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Exploring pop music mogul Clive Davis' legendary career

Clive Davis arrives for a screening of the documentary about him in London on Sept. 5, 2017.
Clive Davis arrives for a screening of the documentary about him in London on Sept. 5, 2017.
Tim P. Whitby/Tim P. Whitby/Getty Images

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If you haven’t heard of the record producer and executive Clive Davis, you’ll certainly recognize the big names he signed — Janis Joplin, Earth Wind and Fire, Bruce Springsteen, Whitney Houston … the list goes on and on.

His contributions to the music industry are the focus of a new documentary called "Clive Davis: The Soundtrack of Our Lives."

Davis got his start with Columbia Records in the early 1960s as a lawyer. A few years later, he became the label’s president and — because he had a knack for turning unknown artists into pop superstars — he earned a reputation for having a golden ear.

The Frame’s John Horn spoke with Davis recently and they discussed the Monterey Pop Festival of 1967, Whitney Houston, and his thoughts on the record industry today.

Interview Highlights:

On the Monterey Pop Festival of 1967 and discovering Janis Joplin:

It had to be the most transformative performance for me ever, to this day. It was an epiphany to be sitting there, not knowing that I'd be seeing unknown artists and to feel every fiber of my body vibrating, knowing that this was not only a social revolution, but a cultural one and a musical one. 

Here I was sitting, Haight Ashbury — in effect — right around me with robes and flowers in your hair. And I'm sitting there with my khaki pants and my tennis sweater. I mean, I was the one out of [place]. And then, all of a sudden, this compelling, hypnotic, electrifying artist is singing right in front of me. I knew that my life was changing; I knew that I had to trust my instincts; and I knew I was determined to sign the group.

On using profits from mainstream artists as leverage to sign less commercial bands:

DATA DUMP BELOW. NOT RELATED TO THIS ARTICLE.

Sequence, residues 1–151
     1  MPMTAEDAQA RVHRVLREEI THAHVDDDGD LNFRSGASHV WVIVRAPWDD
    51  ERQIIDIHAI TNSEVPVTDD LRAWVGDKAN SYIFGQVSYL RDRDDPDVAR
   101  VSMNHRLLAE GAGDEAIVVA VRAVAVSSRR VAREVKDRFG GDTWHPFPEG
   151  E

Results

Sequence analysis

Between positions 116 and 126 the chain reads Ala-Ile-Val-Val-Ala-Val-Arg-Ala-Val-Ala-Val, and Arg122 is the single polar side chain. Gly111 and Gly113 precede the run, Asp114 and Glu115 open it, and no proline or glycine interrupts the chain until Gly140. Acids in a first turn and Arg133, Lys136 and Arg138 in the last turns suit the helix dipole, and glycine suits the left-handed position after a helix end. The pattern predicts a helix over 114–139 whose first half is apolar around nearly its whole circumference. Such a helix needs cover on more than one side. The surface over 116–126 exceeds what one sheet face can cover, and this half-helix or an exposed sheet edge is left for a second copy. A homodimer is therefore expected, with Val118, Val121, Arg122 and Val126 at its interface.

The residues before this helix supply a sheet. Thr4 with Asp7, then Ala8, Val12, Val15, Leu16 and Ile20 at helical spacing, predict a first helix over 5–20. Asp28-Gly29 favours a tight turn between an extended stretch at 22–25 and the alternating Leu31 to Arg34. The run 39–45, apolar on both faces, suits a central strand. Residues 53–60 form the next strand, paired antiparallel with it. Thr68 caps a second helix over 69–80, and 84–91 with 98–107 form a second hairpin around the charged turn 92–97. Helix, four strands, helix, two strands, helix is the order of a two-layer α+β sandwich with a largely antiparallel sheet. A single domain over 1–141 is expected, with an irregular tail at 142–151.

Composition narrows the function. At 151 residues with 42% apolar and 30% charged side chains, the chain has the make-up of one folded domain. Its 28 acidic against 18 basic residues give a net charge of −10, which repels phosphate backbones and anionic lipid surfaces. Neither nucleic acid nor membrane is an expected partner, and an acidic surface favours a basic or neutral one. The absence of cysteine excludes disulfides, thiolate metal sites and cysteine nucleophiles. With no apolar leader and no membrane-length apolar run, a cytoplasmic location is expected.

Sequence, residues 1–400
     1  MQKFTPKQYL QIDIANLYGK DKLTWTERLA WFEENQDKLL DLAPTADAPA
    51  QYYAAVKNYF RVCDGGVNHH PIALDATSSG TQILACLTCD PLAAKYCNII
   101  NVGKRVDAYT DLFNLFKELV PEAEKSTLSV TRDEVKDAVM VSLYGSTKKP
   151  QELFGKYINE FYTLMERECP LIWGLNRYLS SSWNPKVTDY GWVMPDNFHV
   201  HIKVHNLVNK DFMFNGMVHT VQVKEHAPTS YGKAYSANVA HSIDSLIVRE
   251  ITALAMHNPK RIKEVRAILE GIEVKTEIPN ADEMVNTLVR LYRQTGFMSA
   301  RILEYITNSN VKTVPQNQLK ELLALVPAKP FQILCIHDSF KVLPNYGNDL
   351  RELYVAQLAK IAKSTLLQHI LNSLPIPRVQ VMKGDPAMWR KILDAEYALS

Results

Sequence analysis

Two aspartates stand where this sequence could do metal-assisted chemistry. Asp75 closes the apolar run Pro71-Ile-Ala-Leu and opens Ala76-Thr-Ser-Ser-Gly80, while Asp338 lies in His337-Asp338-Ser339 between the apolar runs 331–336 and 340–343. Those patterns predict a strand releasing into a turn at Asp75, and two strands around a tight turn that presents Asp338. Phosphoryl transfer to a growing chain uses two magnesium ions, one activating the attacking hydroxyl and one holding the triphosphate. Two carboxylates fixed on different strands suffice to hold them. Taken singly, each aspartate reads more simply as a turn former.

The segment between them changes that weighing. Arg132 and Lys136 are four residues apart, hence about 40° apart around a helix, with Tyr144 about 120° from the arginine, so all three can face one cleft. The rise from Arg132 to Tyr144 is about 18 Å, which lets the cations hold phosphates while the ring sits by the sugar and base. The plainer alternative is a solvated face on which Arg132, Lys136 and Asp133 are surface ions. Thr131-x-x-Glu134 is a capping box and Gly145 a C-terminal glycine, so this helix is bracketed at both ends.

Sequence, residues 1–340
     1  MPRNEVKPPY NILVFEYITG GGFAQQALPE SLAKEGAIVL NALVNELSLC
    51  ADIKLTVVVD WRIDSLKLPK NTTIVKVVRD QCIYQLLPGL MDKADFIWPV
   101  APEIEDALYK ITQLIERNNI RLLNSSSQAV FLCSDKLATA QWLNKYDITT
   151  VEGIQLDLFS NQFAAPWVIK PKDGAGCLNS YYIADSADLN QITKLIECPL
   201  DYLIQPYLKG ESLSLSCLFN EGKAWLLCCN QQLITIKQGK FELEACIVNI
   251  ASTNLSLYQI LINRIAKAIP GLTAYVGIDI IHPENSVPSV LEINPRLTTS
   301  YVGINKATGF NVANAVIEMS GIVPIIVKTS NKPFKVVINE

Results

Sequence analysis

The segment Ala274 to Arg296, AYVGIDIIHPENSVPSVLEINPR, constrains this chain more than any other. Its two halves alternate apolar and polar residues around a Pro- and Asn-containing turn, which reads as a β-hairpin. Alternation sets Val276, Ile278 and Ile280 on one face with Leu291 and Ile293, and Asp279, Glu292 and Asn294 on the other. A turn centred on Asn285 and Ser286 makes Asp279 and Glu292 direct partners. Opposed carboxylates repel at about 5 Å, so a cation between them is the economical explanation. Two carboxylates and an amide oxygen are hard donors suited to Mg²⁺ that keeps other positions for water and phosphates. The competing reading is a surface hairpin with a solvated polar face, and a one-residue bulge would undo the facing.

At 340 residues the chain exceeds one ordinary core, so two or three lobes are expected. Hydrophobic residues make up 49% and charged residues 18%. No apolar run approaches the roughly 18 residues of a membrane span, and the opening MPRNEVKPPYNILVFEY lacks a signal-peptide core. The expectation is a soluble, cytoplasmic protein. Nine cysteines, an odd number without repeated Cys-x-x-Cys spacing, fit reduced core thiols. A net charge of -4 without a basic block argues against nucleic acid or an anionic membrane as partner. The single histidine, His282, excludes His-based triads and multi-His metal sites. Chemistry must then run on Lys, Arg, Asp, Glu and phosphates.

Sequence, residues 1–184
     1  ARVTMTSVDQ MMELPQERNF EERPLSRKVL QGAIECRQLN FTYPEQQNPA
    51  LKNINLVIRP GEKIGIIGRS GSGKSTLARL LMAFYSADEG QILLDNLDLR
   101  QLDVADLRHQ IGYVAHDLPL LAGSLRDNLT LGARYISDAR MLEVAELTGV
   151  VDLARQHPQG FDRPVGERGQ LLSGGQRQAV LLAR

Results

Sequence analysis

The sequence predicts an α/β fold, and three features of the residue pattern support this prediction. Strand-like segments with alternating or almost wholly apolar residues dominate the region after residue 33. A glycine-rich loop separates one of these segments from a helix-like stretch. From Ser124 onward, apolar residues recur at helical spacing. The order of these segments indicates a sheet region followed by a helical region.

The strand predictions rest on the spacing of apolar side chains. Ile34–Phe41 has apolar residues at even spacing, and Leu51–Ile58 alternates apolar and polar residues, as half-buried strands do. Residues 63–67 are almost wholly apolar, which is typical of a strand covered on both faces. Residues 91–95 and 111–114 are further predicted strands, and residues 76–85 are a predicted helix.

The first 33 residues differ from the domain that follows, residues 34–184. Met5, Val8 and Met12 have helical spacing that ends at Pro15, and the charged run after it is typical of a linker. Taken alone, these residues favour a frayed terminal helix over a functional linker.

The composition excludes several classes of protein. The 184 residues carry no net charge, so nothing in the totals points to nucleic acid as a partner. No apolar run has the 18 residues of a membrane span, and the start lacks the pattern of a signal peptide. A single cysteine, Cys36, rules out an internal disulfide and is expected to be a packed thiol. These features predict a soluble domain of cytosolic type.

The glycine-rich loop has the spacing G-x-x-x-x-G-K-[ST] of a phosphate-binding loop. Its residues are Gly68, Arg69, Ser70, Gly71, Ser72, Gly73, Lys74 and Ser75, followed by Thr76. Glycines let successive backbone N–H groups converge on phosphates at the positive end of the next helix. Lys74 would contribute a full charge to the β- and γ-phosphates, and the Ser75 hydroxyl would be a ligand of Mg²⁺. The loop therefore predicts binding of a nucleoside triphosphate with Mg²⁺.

I didn't sign Lou Reed, Graham Parker and Iggy Pop for mainstream singles. But I wanted the label to be attractive to rock artists. And we were appealing to the Grateful Dead to join us and the Kinks to join us. There's no doubt that the profits made from Barry Manilow and Kenny G went a long way to indulge my dealing more with cutting-edge artists.

One of the main narratives of the film focuses on Clive Davis relationship to Whitney Houston.
One of the main narratives of the film focuses on Clive Davis relationship to Whitney Houston.
Columbia Records/IM Global

On Whitney Houston and how she is portrayed in the film:

She was compelling, magnetic. She had genius in her natural vocal abilities. She was also engaging and a music freak. She would listen to every record on the radio. She was articulate and had heart. So when you only show the part of her when she might have been under the influence or out of sorts, it's really unfair. So I'm really glad that this film shows the full realm and nature and personality of Whitney without shying away from [her addiction].

On the music business today:

A few years ago, we in the industry were at serious risk. The public had grown used to the idea that [music was] free and should not be paid for, which is a horrific thought to the creative people — the writers, the arrangers, the producers and the record companies and music publishers. It was scary. But as the revolution has come to streaming ... the record companies are once again profitable and there are career opportunities in music. Obviously, there are still concerns. To me, there's a little too much homogenization. There's a little too much dance and a little too much hip-hop. I love both. But we do need the great voices, [like] Luther Vandross, Whitney. And we do need the provocative, [like] the two poet laureates — Bob Dylan and Bruce Springsteen — from the last 50 or more years. But the industry is healthy and music is healthy and for that I'm very grateful.  

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